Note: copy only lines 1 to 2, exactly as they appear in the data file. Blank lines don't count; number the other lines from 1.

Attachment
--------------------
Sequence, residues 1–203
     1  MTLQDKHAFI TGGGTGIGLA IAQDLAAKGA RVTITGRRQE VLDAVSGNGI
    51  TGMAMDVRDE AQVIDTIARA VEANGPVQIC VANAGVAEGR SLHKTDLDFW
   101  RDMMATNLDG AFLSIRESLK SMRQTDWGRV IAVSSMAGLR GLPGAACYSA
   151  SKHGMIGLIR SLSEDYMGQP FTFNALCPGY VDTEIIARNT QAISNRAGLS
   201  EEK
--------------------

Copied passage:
Sequence, residues 1–203
     1  MTLQDKHAFI TGGGTGIGLA IAQDLAAKGA RVTITGRRQE VLDAVSGNGI